DECLARE SQLCODE            INTEGER DEFAULT 0 ;

      DECLARE V_SQLCODE          INTEGER DEFAULT 0 ;

 

      DECLARE CONTINUE HANDLER FOR SQLEXCEPTION, SQLWARNING, NOT FOUND

          SET V_SQLCODE = SQLCODE ;

 

-- Initialize

      SET P_OPERATOR_ID   = ' ' ;

      SET P_DEPARTMENT_ID = ' ' ;

      SET P_RETURN_CD     = 'N' ;

 

-- Get the current lock holder information

       SELECT OPERATOR_ID

            , DEPARTMENT_ID

            , LOCK_TS

         INTO P_OPERATOR_ID

            , P_DEPARTMENT_ID

            , P_LOCK_TS

         FROM APPL_LOCK

        WHERE CUSTOMER_ID = P_CUSTOMER_ID

          AND LOCK_TS > ( CURRENT_TIMESTAMP - 7 DAYS ) ;

 

      CASE V_SQLCODE

        WHEN 0 THEN

          SET P_RETURN_CD = 'Y' ;

        WHEN +100 THEN

          SET P_RETURN_CD = 'N' ;

        ELSE

          SIGNAL SQLSTATE VALUE '38001'

             SET MESSAGE_TEXT = 'ERROR IN #001 ' ||

                 CHAR(V_SQLCODE) || ' ' || CHAR(P_CUSTOMER_ID) ;

      END CASE ;

 

      RETURN ;

 

Transfer the Lock

Occasionally, the person working on updating a customer record cannot complete the task. They might not have the right experience or maybe they had to leave for the day. We want the ability to transfer their work to another person.

Who initiates the transfer and how that works can be a complicated matter. Supervisors should be able to transfer work to themselves or others. The user interface needs to inquire on the locks and then take the appropriate action based on the user’s authority.

  CREATE PROCEDURE TRANSFER_APPL_LOCK

       ( IN  P_CUSTOMER_ID        BIGINT

       , IN  P_FROM_OPERATOR_ID   CHAR(8)

       , IN  P_TO_OPERATOR_ID     CHAR(8)

       , IN  P_TO_DEPARTMENT_ID   CHAR(8)

       , OUT P_RETURN_CD          CHAR(1)

       , OUT P_OLD_OPERATOR_ID    CHAR(8)

       , OUT P_OLD_DEPARTMENT_ID  CHAR(8) )

    VERSION V1 LANGUAGE SQL

    NOT DETERMINISTIC MODIFIES SQL DATA

    DISALLOW DEBUG MODE WITH EXPLAIN

    QUALIFIER <SCHEMA> PACKAGE OWNER <SCHEMA> VALIDATE BIND

 

  BEGIN

      DECLARE SQLCODE            INTEGER DEFAULT 0   ;

      DECLARE V_SQLCODE          INTEGER DEFAULT 0   ;

      DECLARE V_OLD_OPERATOR_ID    CHAR(8) DEFAULT ' ' ;

      DECLARE V_OLD_DEPARTMENT_ID  CHAR(8) DEFAULT ' ' ;

 

      DECLARE CONTINUE HANDLER FOR SQLEXCEPTION, SQLWARNING, NOT FOUND

          SET V_SQLCODE = SQLCODE ;

 

-- Initialize

      SET P_OLD_OPERATOR_ID   = ' ' ;

      SET P_OLD_DEPARTMENT_ID = ' ' ;

      SET P_RETURN_CD         = 'N' ;

 

-- Do the Transfer (if it is ours)

      UPDATE APPL_LOCK

         SET OPERATOR_ID   = P_TO_OPERATOR_ID

           , DEPARTMENT_ID = P_TO_DEPARTMENT_ID

           , LOCK_TS       = CURRENT_TIMESTAMP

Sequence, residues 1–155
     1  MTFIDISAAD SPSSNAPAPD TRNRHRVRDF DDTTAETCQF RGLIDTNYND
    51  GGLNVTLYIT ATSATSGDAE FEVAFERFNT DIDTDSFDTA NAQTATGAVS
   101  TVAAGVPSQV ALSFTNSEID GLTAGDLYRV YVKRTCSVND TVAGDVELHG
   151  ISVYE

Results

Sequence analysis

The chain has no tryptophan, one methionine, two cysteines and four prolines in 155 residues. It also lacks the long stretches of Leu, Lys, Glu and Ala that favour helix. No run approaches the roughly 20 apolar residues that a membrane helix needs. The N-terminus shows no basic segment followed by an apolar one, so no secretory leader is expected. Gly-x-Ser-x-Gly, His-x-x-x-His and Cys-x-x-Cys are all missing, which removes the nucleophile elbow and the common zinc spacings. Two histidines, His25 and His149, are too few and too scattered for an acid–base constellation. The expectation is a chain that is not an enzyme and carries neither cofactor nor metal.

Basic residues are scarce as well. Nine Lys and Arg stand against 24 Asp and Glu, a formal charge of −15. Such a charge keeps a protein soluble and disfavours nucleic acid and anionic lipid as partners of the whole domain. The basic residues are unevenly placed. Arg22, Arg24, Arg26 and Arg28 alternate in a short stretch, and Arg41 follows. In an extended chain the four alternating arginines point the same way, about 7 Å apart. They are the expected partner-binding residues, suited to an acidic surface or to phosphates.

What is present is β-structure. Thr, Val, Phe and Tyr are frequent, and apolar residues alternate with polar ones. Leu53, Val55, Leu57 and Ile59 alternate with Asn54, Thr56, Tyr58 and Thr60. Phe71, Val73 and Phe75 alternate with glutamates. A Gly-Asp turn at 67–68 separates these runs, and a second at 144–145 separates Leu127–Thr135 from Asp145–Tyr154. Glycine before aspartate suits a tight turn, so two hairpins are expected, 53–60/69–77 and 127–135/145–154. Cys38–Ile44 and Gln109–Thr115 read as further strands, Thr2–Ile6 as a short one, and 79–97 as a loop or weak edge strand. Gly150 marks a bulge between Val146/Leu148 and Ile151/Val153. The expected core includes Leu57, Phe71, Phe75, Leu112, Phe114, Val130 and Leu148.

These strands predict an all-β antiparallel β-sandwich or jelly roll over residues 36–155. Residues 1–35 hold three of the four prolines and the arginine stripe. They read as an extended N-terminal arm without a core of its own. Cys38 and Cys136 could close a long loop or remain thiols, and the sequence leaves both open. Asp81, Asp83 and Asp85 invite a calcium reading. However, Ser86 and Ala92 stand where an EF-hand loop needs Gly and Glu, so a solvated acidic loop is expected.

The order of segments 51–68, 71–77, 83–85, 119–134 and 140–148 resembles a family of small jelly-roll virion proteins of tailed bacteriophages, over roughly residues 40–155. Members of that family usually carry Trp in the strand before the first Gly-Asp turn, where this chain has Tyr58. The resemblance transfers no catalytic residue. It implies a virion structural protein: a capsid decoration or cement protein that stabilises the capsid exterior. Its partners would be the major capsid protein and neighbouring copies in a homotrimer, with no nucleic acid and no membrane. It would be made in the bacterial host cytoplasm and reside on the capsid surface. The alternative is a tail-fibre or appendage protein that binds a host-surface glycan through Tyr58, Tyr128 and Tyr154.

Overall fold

WHERE CUSTOMER_ID   = P_CUSTOMER_ID

         AND OPERATOR_ID   = P_FROM_OPERATOR_ID ;

 

      CASE V_SQLCODE

        WHEN 0 THEN

          SET P_RETURN_CD = 'Y' ;

          RETURN ;

        WHEN +100 THEN

          SET P_RETURN_CD = 'N' ;

          SET V_SQLCODE = 0 ;

        ELSE

          SIGNAL SQLSTATE VALUE '38001'

             SET MESSAGE_TEXT = 'ERROR IN #001 ' ||

                 CHAR(V_SQLCODE) || ' ' || CHAR(P_CUSTOMER_ID) ;

      END CASE ;

 

-- Who has it now?

      SELECT OPERATOR_ID, DEPARTMENT_ID

        INTO V_OLD_OPERATOR_ID, V_OLD_DEPARTMENT_ID

        FROM APPL_LOCK

       WHERE CUSTOMER_ID = P_CUSTOMER_ID

        WITH UR ;

 

      CASE V_SQLCODE

        WHEN 0 THEN

          SET P_OPER_ID = V_OPERATOR_ID ;

        WHEN +100 THEN

          SET P_OPER_ID = ' ' ;

        ELSE

          SIGNAL SQLSTATE VALUE '38001'

             SET MESSAGE_TEXT = 'ERROR IN #002 ' ||

                 CHAR(V_SQLCODE) || ' ' || CHAR(P_CUSTOMER_ID) ;

      END CASE ;

 

      RETURN ;

 

Conclusion

These stored procedures do not implement any authorization checking or validation of the incoming data. We rely on the application business layer to do that. We are simply facilitating that work by taking advantage of the power of SQL.

The GET_APPL_LOCK procedure is coded to return success as quickly as possible. When the less frequent conflicts occur then the additional statements are executed. The expectation is that we are considering performance. If the UPDATE statement would be more successful than the INSERT statement then we’d want to consider reorganizing the way the procedure works.

The examples here were taken from our current development environment. I modified them to be more generic than they really are, so please don’t expect them to work as is. And, be careful to verify that my assumptions on how this works are correct for your application and environment.